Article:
Armanino Blog

Maps and GPS Data in Microsoft CRM: A Few Things to Take into Account

May 23, 2013

Microsoft is embracing the mobile worker, and there are a number of applications geared toward smart phones and tablets for Microsoft CRM. One of the most compelling features people want in a mobile, connected CRM application is easy access to maps.

While applications like Resco Mobile CRM and CWR Mobility offer maps integrated within their apps, your data will need to be altered in order for the map functionality to work. Both of these applications need GeoCode (latitude and longitude coordinates) data populated on records. CRM provides latitude and longitude fields for addresses on Contacts, Accounts, and Leads, but these are not auto-populated. Resco does allow you to update the GeoCode from the app but requires that you physically visit the location, load the record, and set the GPS location.

Most people are familiar with Google maps and Bing maps, as well as a number of other mapping services on the internet. Both Google and Bing (as well as most others) offer remote-programmatic access to their services – known as an API. One of the biggest features the API presents is a way to get the GPS coordinates from a regular street address.

There are a few gotchas here though, Google and Bing both require an "API Key" to access the services from your own code or application. Both offer a free API key with some limitations – typically limited to X number of requests per day, hour, or year – and certain usage restrictions – such as internal applications only or public-facing websites only.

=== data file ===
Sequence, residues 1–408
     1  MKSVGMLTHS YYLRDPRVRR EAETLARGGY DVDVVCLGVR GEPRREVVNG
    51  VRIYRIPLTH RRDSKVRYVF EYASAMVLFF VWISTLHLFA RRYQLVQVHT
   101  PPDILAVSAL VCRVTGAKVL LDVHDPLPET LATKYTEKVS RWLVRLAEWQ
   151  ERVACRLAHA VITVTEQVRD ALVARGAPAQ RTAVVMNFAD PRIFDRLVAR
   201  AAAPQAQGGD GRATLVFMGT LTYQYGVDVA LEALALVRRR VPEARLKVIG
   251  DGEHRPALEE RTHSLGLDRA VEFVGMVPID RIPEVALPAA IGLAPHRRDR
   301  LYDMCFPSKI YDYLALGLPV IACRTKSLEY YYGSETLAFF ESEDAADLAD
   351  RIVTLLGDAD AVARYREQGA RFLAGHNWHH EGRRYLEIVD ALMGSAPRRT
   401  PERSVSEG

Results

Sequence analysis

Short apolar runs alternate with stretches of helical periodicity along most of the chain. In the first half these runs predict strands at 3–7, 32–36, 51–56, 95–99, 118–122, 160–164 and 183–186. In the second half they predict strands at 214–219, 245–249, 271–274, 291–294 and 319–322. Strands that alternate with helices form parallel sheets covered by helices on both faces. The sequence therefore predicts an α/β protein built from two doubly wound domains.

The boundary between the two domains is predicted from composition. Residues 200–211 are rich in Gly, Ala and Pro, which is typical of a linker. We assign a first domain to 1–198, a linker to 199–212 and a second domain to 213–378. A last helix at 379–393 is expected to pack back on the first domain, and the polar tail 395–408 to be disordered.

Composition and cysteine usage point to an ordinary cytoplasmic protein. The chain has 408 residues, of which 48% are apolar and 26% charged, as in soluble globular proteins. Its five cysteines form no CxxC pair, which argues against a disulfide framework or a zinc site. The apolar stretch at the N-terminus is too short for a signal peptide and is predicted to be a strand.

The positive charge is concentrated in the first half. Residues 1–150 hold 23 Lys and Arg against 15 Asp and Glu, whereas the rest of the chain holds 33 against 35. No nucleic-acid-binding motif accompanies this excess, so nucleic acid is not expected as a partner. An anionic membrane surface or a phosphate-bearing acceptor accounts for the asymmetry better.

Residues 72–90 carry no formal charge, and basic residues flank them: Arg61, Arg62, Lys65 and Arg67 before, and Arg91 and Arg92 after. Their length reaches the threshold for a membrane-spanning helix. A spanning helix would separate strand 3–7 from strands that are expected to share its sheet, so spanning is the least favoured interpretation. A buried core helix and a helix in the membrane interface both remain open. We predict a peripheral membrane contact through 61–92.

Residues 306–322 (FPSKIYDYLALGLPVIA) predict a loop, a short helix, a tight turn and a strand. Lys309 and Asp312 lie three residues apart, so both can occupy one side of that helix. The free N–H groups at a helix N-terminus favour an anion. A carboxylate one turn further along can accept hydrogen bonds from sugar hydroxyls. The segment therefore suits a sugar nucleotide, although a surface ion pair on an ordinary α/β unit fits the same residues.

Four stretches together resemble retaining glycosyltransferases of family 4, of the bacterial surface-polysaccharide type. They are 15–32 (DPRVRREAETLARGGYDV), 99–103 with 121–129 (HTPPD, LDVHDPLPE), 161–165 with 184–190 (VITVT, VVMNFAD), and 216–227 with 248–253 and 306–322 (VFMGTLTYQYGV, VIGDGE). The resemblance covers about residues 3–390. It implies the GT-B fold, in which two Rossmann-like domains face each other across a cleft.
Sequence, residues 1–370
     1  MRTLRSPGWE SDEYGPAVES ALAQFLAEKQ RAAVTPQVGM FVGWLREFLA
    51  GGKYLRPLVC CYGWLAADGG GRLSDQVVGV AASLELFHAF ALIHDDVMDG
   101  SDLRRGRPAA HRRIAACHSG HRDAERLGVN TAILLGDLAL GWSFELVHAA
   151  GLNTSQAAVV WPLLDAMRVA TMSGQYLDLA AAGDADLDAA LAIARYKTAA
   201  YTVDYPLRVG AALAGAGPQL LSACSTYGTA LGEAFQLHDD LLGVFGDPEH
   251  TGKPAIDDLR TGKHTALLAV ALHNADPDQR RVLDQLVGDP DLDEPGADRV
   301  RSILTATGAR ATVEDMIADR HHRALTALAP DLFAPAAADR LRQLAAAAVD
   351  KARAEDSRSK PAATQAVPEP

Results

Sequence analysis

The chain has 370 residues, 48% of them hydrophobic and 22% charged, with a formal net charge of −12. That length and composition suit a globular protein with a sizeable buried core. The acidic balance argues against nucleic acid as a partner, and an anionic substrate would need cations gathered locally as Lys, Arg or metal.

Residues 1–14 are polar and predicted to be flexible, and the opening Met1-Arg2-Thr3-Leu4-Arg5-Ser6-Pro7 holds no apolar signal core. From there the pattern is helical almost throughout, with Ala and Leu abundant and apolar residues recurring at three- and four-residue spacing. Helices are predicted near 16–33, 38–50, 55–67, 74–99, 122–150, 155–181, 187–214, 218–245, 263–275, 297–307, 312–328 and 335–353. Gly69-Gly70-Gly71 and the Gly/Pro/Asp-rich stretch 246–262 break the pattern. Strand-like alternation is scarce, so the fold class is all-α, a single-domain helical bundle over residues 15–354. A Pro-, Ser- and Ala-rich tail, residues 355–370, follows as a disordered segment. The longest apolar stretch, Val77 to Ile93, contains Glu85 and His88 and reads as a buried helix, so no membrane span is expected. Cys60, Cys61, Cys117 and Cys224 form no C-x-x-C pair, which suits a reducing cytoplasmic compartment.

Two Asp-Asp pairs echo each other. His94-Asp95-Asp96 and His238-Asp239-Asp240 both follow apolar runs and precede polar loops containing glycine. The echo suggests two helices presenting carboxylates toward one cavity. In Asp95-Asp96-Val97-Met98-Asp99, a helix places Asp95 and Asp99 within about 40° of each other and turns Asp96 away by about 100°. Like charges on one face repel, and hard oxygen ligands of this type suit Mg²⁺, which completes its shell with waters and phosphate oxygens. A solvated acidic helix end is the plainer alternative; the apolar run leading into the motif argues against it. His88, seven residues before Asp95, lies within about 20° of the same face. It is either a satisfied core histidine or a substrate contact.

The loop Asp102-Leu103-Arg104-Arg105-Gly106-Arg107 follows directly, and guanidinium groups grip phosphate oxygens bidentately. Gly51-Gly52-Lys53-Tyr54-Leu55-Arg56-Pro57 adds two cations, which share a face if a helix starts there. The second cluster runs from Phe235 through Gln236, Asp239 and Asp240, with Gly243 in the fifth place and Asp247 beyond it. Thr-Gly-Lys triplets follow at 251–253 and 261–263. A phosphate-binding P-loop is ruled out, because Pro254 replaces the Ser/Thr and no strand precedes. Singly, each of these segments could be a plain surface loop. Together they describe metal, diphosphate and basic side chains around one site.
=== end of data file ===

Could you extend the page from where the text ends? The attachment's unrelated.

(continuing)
For 90% of Microsoft CRM use cases, both Google and Bing map APIs would require a paid subscription to stay strictly within the licensing terms. Both services don't publish their pricing and require you to contact a representative to get pricing. I will say that Bing's prices tend to be lower, but that is not always the case. If you want exact pricing, it's best to get it straight from the horse's mouth at or

Some organizations might get away with using a free API key, but it might be subject to service interruptions and slow performance, causing missing data in your system and frustrating users. A commercial license typically offers you access to faster servers, a service level agreement (guaranteed uptime), and technical support for custom development. This is one cost that is typically overlooked when deploying a mobile CRM that should be taken into consideration.

Getting an API key is only one step. You also need to determine how you will be utilizing the maps within your system. There are a number of guides online that include full-source code for implementing Javascript, custom workflow actions, and CRM plug-ins to auto-populate the GeoCode data. You can also implement maps on the forms using javascript. Of course, your ever-so-helpful CRM consultants at Armanino can help evaluate your needs and implement a solution.

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